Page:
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The EU has published a revision of the Directive on the legal protection of designs (Directive 98/71/EC). This provides interested parties with the opportunity to comment on the planned changes. The proposal contains various relevant amendments and would, provided it will be implemented in the proposed form, comprehensively modernize and sustainably extend the scope of protection for designs. The most important amendments: The new definition of the term “design” is now to also include “movements, transitions and animations” of digital designs, and the term “product” as defined by the Directive is expected to also include digital items, i.e., items not embodied in a physical object as well as graphic user interfaces. This would provide for a better protection of designs only existing in virtual form, for example, in a “metaverse”.
A corresponding design protection would comprise a wide range of new aspects in future: “Creating, downloading, copying, and sharing or distributing a medium or software on which the design is recorded for the purpose of enabling the manufacture of a product.”
The proposed Art. 11 allocates ownership of a design by introducing a “commissioned work” or “work for hire” concept into the Directive according to which designs developed by an employee within the scope of her employment belong to the employer, unless otherwise agreed upon.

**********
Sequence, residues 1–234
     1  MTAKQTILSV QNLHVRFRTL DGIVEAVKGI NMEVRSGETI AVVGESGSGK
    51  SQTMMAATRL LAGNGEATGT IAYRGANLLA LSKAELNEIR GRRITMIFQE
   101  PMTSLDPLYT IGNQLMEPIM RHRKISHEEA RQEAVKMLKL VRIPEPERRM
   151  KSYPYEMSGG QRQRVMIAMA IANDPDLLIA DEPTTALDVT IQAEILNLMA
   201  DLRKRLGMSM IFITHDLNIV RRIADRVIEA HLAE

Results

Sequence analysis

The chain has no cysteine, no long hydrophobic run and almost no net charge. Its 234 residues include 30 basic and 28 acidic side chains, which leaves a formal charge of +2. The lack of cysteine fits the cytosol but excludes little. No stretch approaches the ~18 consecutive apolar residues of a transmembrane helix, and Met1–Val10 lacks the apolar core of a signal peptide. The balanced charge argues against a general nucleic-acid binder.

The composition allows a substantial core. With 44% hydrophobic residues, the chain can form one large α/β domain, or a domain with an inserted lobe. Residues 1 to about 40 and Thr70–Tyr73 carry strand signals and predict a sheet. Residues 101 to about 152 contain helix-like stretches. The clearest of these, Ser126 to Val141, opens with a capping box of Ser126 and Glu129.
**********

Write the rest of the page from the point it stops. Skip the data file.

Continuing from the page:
Furthermore, the Directive regulates the right to take legal action before the EUIPO in favor of such person(s) in whose name the design has been registered.
The Directive is to provide for a presumption of validity in infringement proceedings, which can be rebutted with all remedies available in the respective Member State, including counterclaims. Furthermore, it is to explicitly provide for a right of prior use.
The proposal also includes a repair clause. This denies protection for components of complex products which depend on the complex product’s appearance but only serve for the complex product’s repair.
Besides formal and procedural amendments, the further proposals also include clarifications and some expansions of the provisions on a design’s revocation, in particular based on prior rights, which may be registered within the scope of international agreements as well as an exception for comments and parodies. Furthermore, there will be clear provisions according to which the use of a design for the mere purpose of identifying the design owner’s products does not constitute an infringement.